Other Man, The: Genesis of the Film

“The Other Man,” written and directed by Richard Eyre and starring Liam Neeson,  is being released September 25, 2009 by Image Entertainment.

When Writer/Director Richard Eyre was commissioned to write the script for THE OTHER MAN, he read Bernhard Schlink’s short story and found that the themes drew him to the material in a number of ways: “It was about so many different things that meant a lot to me.  First of all about love, betrayal and forgiveness, but more than that, learning about someone, and learning unpleasant things about someone you think you knew very well and then realising that it’s possible to love the person you didn’t know as much as the person you did know.  So it’s full of things that resonate in everybody’s lives and apart from that it’s about the relationship between a father and daughter.”

Having written a first draft, he took the script to writer Charles Wood with whom he had previously collaborated on ‘Iris’.  He explains: “The way we work is essentially as two people would work if they were sitting on the opposite sides of a desk; it’s just that his desk is about 100 miles from my desk.  So we communicate by phone and e-mail.  For me it’s a wonderfully liberating form of collaboration, because I have a pass at the script, hand it over to Charles, then he has a pass at the script and then I have another pass and there’s a kind of coming and going between us that produces something that has the character of both of us, but is also an entity on its own.”

Tracey Scoffield and Frank Doelger had recently set up Rainmark Films and in discussing what sort of projects they wished to produce, Scoffield, who had spent several years at the BBC and worked in part on Eyre’s ‘Iris’ and ‘Stage Beauty’ mentioned THE OTHER MAN script which she had been drawn to on reading it.  She explains: “I mentioned this story to Frank and it really caught his imagination, so given the fact that I was dying to work with Richard again and that this was an interesting story for grown ups and one that had very strong potential for raising co-production funding out of Europe, we went back to Richard and said, remember that script you wrote, how about giving us the chance to try and make it?”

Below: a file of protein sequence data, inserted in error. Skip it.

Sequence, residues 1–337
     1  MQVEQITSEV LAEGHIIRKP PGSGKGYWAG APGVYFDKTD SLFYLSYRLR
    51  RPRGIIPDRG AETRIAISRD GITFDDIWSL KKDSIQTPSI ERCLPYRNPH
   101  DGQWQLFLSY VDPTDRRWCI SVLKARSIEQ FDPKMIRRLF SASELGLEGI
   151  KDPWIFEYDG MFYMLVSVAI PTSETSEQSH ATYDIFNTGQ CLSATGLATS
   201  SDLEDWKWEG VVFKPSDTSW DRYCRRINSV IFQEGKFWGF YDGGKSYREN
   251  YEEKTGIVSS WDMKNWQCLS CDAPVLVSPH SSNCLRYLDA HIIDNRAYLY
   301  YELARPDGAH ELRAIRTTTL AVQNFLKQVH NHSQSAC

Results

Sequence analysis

Adds Doelger: “I was fascinated for a couple of reasons.  I was very interested in seeing a piece of material that was a love story and a drama that could only work for actors in their 40s or 50s – it could only work if you’ve had 20 years or so of romantic life behind you, it would take on a whole new richness.  I was also intrigued by this question of whether or not it’s possible to love two people simultaneously and if in fact there are some people out there for whom one person is not enough, who have very different sides to their character, which means they have to seek out love in several places.  It wasn’t just about an affair or about sexual attraction; it was about a character who felt that she needed two people to complete her.  Richard and Charles had taken these ideas and made them into a very edgy, dark, psychological and quite mysterious thriller that seemed to have every element that we were looking for in this type of material.”

Richard Eyre explains: “What I’m trying to do in the film is hold up a number of questions for the audience, assuming that they’re engaged in the lives of these characters, but the questions are never answered and I don’t think it’s the jobs of people in films to provide neat conclusions.  There is however a reconciliation and a happy ending.  It asks something of the audience and doesn’t do the job for them.”

THE OTHER MAN went into production in February 2008 and was filmed over eight weeks on location in the UK, Ealing Studios and Italy.